Intrinio Financial Data in R and RStudio

Data analysts everywhere know that most of their time is spent gathering, cleaning, and formatting data. The actual analysis and interpreting the results is fun, fast, and easy once the data is structured how you need it. This blog shows how easy Intrinio makes it to complete the nasty part of analysis by using the Intrinio API to pull financial data into R.

Intrinio provides many data feeds via API and if you learn to use the API in conjunction with R, you can spend a lot more of your time running the analysis and analyzing the results and a lot less time on data entry.

If you don't use R this might not be the blog for you, but if you do, this blog will show you in step by step fashion how to save yourself a lot of money, and make yourself a lot of time, by using the Intrinio API in the R terminal or RStudio.

I prefer to work in R studio since I am really a beginner but the following instructions are just as valid in the terminal. I am in the process of creating a Github repository of this code and expect to have that available by December. For now, feel free to copy this code and please comment if you find more efficient ways of pulling in the data.

Step 1: Setting up your environment

Run these three lines of code in a new script:

The previous three commands clean up your environment to remove any objects from a previous session, install the httr package, and make sure you have the httr library active respectively. After the first time you install httr you can delete that line of code in your script.

Step 2: API Username And API Password

Go to and create an account. Its free and just requires an email. If you want more information about how Intrinio works, here is a blog explaining things at a high level.

Once you are logged in, you will see this-


You will see that you are automatically enrolled in three of Intrinio's data plans at the free level. This gives you lots of free data to use everyday. For now you should click the icons, one at a time, that have red arrows pointing to them. This will copy your API keys to the clip board- go ahead and paste them into R.

Your going to want to make them into objects, your code should look like this:

The only difference should be you are using your username and password, not mine.

3: Creating your API call

If you haven't used an API before, and haven't read through Intrinio's documentation, here is a blog about getting started with the Intrinio API that will help you make sense of this next step. Create the following objects- no changes this time, copy them just like this:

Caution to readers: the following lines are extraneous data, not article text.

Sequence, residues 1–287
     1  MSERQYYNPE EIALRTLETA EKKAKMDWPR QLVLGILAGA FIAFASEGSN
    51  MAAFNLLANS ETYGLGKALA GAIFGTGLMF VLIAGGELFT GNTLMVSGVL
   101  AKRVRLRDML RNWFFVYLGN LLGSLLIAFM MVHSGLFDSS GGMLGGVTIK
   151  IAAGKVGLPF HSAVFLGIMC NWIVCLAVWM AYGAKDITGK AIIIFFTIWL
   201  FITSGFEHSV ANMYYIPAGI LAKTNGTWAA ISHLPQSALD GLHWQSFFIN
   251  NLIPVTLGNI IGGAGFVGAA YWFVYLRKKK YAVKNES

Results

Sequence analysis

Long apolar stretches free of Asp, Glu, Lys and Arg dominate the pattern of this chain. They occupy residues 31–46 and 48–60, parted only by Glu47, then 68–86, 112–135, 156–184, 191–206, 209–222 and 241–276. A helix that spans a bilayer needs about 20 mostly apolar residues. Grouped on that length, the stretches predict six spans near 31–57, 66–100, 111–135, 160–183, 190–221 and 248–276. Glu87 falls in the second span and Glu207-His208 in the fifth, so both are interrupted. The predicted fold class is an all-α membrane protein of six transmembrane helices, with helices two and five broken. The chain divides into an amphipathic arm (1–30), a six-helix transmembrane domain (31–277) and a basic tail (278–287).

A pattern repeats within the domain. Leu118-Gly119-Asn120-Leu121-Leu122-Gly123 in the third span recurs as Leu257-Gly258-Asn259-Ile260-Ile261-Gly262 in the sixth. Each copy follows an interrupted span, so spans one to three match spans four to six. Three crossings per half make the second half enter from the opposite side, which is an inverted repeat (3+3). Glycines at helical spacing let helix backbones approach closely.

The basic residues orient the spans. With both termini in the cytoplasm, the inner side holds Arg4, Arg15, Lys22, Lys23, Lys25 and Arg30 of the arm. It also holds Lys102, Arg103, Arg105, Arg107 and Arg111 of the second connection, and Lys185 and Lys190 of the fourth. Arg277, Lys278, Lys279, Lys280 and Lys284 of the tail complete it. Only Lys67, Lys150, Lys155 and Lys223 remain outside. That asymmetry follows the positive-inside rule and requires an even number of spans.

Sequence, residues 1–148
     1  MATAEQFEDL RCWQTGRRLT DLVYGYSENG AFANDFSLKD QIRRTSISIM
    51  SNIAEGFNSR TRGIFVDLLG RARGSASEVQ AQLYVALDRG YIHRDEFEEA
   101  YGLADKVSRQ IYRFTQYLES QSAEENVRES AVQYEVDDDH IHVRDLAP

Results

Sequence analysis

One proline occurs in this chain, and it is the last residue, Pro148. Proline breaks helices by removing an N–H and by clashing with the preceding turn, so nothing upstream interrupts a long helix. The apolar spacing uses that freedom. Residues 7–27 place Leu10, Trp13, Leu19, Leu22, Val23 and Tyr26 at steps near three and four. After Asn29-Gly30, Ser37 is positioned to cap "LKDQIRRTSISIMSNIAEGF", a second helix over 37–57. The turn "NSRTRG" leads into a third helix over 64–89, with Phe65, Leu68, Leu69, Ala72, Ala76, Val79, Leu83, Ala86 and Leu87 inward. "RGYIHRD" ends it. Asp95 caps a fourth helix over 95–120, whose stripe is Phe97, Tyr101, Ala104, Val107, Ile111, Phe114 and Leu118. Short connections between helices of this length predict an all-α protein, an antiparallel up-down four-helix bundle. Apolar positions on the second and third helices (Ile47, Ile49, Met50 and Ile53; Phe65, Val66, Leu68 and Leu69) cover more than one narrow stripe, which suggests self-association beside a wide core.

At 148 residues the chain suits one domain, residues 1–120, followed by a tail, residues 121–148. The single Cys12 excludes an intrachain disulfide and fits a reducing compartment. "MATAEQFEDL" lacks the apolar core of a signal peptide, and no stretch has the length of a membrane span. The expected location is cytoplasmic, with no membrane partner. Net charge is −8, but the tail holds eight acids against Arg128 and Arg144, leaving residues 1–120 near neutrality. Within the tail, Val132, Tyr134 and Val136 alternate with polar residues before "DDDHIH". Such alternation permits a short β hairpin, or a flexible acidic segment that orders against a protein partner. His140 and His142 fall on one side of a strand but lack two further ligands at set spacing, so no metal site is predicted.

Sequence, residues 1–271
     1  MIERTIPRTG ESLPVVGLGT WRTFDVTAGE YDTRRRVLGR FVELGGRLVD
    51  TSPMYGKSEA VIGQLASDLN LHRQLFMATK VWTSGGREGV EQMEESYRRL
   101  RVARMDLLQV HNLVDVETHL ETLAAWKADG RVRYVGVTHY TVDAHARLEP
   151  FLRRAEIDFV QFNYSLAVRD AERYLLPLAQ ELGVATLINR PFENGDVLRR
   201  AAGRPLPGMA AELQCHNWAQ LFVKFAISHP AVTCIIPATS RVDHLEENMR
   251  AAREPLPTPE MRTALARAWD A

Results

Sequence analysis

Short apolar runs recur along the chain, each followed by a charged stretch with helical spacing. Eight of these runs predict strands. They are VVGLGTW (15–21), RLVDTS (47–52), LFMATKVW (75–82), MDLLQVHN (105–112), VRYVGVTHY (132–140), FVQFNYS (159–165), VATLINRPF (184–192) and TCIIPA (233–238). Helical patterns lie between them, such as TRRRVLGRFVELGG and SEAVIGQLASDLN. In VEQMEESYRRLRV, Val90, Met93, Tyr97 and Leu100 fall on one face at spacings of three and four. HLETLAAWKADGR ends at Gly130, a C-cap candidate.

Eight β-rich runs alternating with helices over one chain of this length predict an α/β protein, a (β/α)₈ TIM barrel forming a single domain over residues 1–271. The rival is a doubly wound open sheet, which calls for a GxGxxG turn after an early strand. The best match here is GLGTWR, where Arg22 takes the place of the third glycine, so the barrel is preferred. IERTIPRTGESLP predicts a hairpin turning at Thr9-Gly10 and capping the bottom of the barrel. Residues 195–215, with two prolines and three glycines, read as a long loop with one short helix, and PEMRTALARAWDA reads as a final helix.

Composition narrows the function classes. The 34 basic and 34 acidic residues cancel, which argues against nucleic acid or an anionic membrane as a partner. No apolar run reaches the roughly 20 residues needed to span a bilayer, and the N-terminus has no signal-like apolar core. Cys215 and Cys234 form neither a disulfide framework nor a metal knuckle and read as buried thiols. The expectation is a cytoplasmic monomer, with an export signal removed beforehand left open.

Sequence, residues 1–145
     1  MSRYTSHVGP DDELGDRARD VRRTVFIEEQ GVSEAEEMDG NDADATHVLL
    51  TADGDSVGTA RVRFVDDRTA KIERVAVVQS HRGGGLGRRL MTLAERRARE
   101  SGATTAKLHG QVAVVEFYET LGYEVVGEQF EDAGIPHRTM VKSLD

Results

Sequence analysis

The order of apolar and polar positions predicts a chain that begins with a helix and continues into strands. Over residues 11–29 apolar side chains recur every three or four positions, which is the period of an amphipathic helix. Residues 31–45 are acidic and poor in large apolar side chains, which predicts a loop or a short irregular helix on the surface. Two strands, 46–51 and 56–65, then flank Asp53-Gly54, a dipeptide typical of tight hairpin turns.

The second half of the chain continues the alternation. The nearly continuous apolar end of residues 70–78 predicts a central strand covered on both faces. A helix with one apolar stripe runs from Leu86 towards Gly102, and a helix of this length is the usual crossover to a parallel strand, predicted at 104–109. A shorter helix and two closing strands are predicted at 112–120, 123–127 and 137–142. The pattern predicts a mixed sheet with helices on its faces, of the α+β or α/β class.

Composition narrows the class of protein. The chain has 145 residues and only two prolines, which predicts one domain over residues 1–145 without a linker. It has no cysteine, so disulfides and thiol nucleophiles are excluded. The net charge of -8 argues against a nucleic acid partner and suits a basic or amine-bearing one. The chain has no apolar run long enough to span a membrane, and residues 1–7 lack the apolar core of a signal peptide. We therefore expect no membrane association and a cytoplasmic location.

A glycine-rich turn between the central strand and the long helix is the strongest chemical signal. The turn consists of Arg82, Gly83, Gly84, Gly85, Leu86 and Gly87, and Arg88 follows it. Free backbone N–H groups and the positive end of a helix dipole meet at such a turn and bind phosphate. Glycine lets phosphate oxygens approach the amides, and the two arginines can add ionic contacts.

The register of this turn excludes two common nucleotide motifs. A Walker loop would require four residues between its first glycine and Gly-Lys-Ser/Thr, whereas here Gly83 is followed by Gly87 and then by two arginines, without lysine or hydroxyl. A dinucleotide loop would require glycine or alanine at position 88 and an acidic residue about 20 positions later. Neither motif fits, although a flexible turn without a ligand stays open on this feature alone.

Go ahead and print call1 and call2 so you can look at them. What the paste function did was to combine each of the objects you created into two different API calls, one for Apple's close_price, or most recent stock price, and another for Apple's price to earnings ratio. The full API calls should look like this:

4. Making the API calls

Create the following objects:

Those objects combine your API calls with your username and password to use httr's GET function to send your request to Intrinio's database.

5. Parsing out the return value

The following code parses out the data sent over from Intrinio's server so you can analyze it:

Now that you have the data parsed, you can put it into a dataframe for analysis:

You end result should look like this except the values will reflect the values from the time of your API call:


If you followed along, what you will have in your dataframe are the latest stock price for Apple (EOD if after hours) as well as the latest price to earnings ratio.

I designed the syntax to make it easy to make more calls by varying the "item" object and using it to make different API calls. If you repeat that process, and learn the different tags that Intrinio uses, you can very quickly pull in historical data for any stock, valuation metrics, balance sheet data, or any other data type that Intrinio provides.

As you can see, this is just the tip of the iceberg. These calls used 2 of 500 free daily API calls. My plan is to build a dashboard next that prints a full analysis of a stock.

Update 10/10/16- Check out this blog showing how to create custom functions to pull historical data in R